Police detective claims bosses violated his rights after seizure

A federal jury will begin deliberations today in a case brought by a Baltimore County police detective who suffered a seizure in 1996 and said his bosses tried to remove him from active duty after he testified on behalf of another officer with a similar problem.

William Blake, a member of the department since 1987 who now works in its undercover criminal intelligence unit, has accused the department of violating the Americans with Disabilities Act by ordering neurological and fitness-for-duty tests a decade after his on-the-job epileptic seizure.

Blake was cleared to return to work three weeks after the May 1996 episode and suffered no further episodes.

But more than a decade later, the department ordered him to undergo regular examinations.

The demand came after Blake testified during an August 2006 appeals hearing on behalf of another officer, Philip Crumbacker, who was challenging his forced retirement after a seizure. Blake said he was able to return to the job after his medical emergency without problems. Two other officers made similar points.

When informed of their testimony, Col. Terrence B. Sheridan, the Baltimore County police chief at the time, ordered that all three officers be evaluated for their fitness to work. The tests included an electroencephalogram, which measures electrical activity in the brain and is commonly referred to as an EEG. According to the lawsuit, Sheridan's order for the EEG came after a doctor had examined Blake at the chief's request, concluded that the detective remained fit for duty, and said that the results of an EEG might be inconclusive.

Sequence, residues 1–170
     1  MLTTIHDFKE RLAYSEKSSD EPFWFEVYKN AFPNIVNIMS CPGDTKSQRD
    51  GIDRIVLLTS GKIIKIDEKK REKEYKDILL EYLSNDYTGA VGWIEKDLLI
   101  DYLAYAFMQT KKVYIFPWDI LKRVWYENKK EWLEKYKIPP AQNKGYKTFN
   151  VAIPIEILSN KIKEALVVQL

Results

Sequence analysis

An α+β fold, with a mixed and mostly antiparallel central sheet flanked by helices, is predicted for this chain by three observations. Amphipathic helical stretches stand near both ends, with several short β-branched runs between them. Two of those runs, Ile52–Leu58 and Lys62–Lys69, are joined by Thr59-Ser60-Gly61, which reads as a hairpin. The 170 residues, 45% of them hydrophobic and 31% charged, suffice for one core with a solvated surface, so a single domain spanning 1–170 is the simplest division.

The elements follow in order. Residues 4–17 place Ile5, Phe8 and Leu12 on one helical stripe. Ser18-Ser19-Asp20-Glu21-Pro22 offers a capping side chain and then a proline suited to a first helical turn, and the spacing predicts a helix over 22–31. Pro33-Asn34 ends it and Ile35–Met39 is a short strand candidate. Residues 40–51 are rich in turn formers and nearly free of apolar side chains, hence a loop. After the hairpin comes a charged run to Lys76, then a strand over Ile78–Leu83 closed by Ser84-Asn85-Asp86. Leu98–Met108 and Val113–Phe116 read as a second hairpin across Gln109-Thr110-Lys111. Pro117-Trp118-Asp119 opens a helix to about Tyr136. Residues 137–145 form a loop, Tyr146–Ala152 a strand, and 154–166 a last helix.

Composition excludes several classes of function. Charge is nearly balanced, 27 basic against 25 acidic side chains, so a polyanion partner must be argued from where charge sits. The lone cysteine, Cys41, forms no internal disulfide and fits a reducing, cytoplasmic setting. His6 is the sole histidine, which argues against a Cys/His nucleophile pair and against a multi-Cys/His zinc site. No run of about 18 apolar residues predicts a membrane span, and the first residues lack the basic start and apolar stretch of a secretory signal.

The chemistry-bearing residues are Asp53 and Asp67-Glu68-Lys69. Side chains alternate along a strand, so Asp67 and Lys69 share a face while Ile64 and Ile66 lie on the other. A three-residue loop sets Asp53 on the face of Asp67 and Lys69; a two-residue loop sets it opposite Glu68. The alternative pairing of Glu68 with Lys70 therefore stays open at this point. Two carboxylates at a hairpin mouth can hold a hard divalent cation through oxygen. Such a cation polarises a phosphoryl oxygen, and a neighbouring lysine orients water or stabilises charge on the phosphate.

Sheridan, who now heads the Maryland State Police, testified Monday during the last of five days of testimony in U.S. District Court in Baltimore that in ordering the tests he was trying to find out "whether we have an issue or a problem with that officer."

"My concern was, if they had seizures, could they have others?" Sheridan said. "I thought it was reasonable."

In his lawsuit, Blake cited internal memos obtained through the discovery process from the county's personnel director indicating that the department's treatment of the police officers violated the Americans with Disabilities Act. "There has been no empirical evidence that these individuals are incapable of performing the essential functions of the jobs they have been doing," one of the memos said. Fitness-for-duty tests "that it does not require of other members" of the department was "clearly a violation of both the intent and the actual statutes in the ADA," the memo said.

Sgt. Andrew Vaccaro, who has been Blake's boss on the criminal intelligence team for more than four years, testified Monday that when Blake began to take time off as he confronted the department on the testing issue, the undercover unit suffered.

"We have an unbelievable amount of organized crime in Baltimore County, and to not have him there leaves us severely hampered," Vaccaro said. "He has always been fit for duty in my eyes."

Dr. Allan Krumholz, a neurologist who specializes in epilepsy, told the jury that there was no point in Blake being subjected to an EEG, given the long period of time since his seizure. Such a test would not predict future episodes, the doctor said.

"The seizures were well-controlled for 10 years," Krumholz said. "He had a very small risk of a seizure reoccurring."


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